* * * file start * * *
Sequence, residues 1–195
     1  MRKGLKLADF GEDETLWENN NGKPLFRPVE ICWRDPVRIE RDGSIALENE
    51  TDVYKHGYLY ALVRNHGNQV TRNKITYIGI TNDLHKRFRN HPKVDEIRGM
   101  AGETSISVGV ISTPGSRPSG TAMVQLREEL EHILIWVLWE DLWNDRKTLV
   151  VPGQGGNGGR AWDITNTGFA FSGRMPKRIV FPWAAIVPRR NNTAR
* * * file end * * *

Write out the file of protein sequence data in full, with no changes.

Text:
Sequence, residues 1–195
     1  MRKGLKLADF GEDETLWENN NGKPLFRPVE ICWRDPVRIE RDGSIALENE
    51  TDVYKHGYLY ALVRNHGNQV TRNKITYIGI TNDLHKRFRN HPKVDEIRGM
   101  AGETSISVGV ISTPGSRPSG TAMVQLREEL EHILIWVLWE DLWNDRKTLV
   151  VPGQGGNGGR AWDITNTGFA FSGRMPKRIV FPWAAIVPRR NNTAR